How Does the NHS Plan to Tackle Ambulance Delays?

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Kate Sweeney

Head of Clinical Negligence

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As part of its Long Term Plan that was announced in 2019, the NHS set out ambitions to eliminate existing ambulance handover delays. This refers to amount of time it takes for a patient to be transferred from ambulance paramedics to hospital staff.

We know that in a medical emergency, every second counts, and the existing handover delays are putting patients at significant risk of further injury or even death as they wait to be treated by hospital employees.  

As well as affecting patients who have arrived at hospital in an ambulance, these delays are also impacting wider communities who are facing excessive waiting times for an ambulance after calling 999.

Demonstrating the severity of this situation, NHS Improvement referred to the case of Matthew, who sadly died from an overdose. At the time of Matthew’s death, 21 ambulances were stuck at his nearest hospital, New Cross in Wolverhampton, and there were no paramedics available to attend to him – and he sadly died.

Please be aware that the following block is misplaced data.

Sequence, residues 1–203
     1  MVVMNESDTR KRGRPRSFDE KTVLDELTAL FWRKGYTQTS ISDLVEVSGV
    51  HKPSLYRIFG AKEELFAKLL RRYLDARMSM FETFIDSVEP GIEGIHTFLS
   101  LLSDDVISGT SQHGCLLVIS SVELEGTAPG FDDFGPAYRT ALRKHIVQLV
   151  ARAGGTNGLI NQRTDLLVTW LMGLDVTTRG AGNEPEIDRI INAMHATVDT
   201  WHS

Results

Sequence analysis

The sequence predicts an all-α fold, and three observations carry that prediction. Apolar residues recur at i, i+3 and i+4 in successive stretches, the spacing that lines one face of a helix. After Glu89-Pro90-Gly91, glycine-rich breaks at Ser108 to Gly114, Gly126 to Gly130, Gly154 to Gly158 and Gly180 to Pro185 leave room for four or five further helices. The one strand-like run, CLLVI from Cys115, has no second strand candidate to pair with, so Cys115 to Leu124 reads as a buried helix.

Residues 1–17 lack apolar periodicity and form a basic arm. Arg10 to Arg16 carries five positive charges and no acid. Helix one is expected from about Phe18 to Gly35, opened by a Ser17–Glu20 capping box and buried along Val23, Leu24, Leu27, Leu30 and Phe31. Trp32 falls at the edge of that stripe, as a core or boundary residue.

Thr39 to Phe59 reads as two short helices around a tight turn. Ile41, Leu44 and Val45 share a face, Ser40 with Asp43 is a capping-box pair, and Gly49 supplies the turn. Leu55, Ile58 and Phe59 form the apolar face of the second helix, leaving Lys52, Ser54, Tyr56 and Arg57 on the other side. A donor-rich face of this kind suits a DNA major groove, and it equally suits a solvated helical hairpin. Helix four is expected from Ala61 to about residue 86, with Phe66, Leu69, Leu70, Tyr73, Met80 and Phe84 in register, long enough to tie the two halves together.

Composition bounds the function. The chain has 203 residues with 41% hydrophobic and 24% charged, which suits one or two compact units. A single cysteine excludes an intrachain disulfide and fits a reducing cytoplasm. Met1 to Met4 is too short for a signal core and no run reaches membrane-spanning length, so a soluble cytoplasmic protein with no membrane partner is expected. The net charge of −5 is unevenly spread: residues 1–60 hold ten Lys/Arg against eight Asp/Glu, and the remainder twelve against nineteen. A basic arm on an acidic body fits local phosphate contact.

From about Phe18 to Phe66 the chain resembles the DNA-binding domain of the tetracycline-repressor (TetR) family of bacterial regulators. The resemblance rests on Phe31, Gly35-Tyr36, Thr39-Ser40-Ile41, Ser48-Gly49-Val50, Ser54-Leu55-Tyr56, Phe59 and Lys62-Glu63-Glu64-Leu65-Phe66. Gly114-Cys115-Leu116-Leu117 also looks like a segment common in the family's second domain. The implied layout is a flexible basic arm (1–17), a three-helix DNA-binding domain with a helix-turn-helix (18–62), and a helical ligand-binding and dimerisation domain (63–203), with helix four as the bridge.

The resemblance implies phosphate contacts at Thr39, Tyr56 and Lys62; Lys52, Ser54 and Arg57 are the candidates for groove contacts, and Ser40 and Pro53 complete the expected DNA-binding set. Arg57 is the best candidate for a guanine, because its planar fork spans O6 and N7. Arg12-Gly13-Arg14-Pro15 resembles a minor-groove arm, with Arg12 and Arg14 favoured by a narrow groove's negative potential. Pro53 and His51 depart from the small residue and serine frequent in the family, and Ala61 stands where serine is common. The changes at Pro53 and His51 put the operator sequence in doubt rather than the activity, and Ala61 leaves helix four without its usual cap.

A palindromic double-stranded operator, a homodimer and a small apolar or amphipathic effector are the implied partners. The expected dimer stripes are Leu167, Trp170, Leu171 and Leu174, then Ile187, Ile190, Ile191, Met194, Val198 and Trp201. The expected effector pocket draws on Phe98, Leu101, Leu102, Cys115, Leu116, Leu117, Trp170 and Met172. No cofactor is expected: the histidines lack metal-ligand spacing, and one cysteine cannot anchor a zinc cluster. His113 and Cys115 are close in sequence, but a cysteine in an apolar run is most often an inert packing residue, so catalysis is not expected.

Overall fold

Despite this ongoing Long Term Plan, almost 1 in 4 ambulance handovers have experienced a delay of 30 minutes or more in 2022-2023. The Standard Contract for the NHS states that all handovers should be done with no more than 15 minutes waiting time, so this is double the expected time. In December 2023, UK Coroners issued a warning over deaths that were linked to ambulance delays. One prevention of future deaths report covered three deaths that were linked to ambulance delays affecting the South West Ambulance Service. One death had an 8 hour wait and another 13 hours.

In order to try and reduce the amount of time patients are waiting for an ambulance, or waiting to be admitted to hospital, the NHS Emergency Care and Improvement Support Team (ECIST) have developed key lines of enquiry (KLOEs) for ambulance services, covering six domains. We’ve explored each of these further in this article.